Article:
Published December 21, 2012
It has long been known that when a parent develops cancer at a relatively young age, the offspring are at significantly increased risk of getting cancer themselves.
What is not clear, however, is whether there’s a family risk – and how great that risk is—if a parent gets cancer much later in life, after they’ve turned 80. One of the reasons for this gap is that there are very few comprehensive databases that researchers can mine for information.
Now, researchers from the German Cancer Research Centre and Lund University in Sweden used the Swedish Family-Cancer Database (the largest one of its kind) of nearly 8 million offspring and their parents to answer these questions.
Parents were born between 1867 and 1993 and offspring were born between 1932 and 2008. The researchers only looked at cancer rates in offspring up to age 76.
The study, published online in the BMJ, found that even when parents developed cancer after 80 years of age, the risk of the same cancer in offspring was significantly higher than those whose parents had not gotten cancer.
Those whose parents were diagnosed at a younger age still had the highest risk of cancer.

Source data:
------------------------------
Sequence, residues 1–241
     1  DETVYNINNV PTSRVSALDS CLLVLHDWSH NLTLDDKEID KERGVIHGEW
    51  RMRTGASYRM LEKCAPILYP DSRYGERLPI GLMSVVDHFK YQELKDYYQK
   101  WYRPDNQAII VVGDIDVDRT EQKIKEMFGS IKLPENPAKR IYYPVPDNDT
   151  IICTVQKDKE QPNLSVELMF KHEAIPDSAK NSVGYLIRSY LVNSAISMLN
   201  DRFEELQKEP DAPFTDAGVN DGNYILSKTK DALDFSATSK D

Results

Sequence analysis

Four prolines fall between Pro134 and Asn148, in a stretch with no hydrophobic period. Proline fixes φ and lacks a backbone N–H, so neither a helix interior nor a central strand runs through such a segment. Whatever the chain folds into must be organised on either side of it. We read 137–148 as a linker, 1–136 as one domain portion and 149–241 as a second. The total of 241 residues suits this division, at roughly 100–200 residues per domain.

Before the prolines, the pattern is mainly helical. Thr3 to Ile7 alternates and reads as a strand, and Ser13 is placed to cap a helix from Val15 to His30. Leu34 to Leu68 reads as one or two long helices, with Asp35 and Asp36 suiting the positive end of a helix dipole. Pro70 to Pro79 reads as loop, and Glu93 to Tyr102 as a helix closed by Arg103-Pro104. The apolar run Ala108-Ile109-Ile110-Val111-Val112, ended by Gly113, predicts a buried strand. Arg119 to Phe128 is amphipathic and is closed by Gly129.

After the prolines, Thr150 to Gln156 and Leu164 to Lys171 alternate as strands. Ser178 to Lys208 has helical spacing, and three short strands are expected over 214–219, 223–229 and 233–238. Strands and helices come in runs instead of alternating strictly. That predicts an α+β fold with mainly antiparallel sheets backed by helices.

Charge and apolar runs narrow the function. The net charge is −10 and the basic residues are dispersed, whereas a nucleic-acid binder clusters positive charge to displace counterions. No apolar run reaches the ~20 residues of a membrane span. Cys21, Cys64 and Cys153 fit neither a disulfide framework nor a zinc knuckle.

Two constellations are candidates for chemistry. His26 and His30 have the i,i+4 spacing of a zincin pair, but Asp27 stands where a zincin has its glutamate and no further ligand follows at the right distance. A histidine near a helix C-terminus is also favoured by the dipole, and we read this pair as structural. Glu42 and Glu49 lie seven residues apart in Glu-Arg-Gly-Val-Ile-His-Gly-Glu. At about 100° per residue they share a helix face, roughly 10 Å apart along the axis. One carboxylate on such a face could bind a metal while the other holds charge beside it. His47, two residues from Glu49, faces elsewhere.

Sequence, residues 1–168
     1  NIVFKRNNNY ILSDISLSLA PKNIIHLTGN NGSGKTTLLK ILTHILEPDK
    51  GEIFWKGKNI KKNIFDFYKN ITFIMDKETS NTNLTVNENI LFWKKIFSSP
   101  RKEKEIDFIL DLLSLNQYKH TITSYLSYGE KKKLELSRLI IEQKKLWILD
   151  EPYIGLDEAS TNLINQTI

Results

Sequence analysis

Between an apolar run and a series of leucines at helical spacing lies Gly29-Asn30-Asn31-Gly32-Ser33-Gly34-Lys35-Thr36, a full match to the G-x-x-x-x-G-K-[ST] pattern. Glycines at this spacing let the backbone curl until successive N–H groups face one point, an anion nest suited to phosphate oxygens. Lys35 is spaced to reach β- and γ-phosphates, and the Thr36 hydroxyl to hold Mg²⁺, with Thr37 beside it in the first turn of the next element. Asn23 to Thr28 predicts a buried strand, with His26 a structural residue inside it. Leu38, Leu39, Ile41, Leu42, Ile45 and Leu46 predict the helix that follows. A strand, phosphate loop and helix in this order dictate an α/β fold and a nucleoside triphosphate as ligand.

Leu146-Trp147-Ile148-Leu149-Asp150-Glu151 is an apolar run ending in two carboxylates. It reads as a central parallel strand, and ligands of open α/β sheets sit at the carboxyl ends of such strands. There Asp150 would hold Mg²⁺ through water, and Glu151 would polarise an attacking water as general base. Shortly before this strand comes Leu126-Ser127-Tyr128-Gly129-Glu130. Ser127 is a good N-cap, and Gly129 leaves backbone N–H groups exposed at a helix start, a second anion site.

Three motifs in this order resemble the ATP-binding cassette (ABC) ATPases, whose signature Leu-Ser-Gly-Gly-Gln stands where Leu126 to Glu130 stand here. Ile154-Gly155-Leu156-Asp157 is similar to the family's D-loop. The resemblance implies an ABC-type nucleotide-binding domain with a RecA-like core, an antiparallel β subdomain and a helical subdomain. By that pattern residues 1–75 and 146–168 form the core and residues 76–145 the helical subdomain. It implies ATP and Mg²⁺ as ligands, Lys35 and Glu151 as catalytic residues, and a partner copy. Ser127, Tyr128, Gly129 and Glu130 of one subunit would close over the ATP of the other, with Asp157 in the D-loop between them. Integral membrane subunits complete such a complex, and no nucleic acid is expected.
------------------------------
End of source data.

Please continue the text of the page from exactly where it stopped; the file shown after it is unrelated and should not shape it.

But, if parents were affected between the ages of 80 and 89, the offspring had 2.3 times the risk of melanoma, 2 times the risk of squamous cell skin cancer, 1.9 times the risk of prostate cancer, 1.7 times the risk of non-Hodgkin lymphoma and urinary bladder cancer, and 1.6 times the risk of breast cancer and colorectal cancer. Even for those whose parents were diagnosed in their 90s, the risks were still increased, albeit only slightly less than those diagnosed in their 80s.
Overall, having a parent who developed cancer at any age increased risks for each cancer as follows: non-Hodgkin lymphoma, 1.6 percent; urinary bladder, 2.8 percent; melanoma, 4.6 percent; lung, 5 percent; colorectal, 6.4 percent; breast, 8.8 percent and prostate, a huge 30.1 percent.
The researchers also found the majority of cancers occur after the age of 69.
“Familial cancers might not be early onset in those whose family members were affected at older ages,” said Dr. Elham Kharazmi, of the German Cancer Research Center in Heidelberg, Germany, and the study's co-author.
Incidentally, it appears that if a parent develops cancer at a young age, and the child makes it into his or her 60s cancer-free, the child does not carry an increased risk of cancer.
“The higher risk of familial cancer for offspring whose parents were affected at young ages disappeared in this subgroup of offspring,” Kharazmi said. “This suggests that familial cancers are early onset mainly in those individuals whose family members are affected at early ages."
Knowing you’re at increased risk of cancer can allow you to take steps to prevent those cancers, including reducing risk factors such as smoking, being overweight and being sedentary, as well as being more vigilant about early detection screening.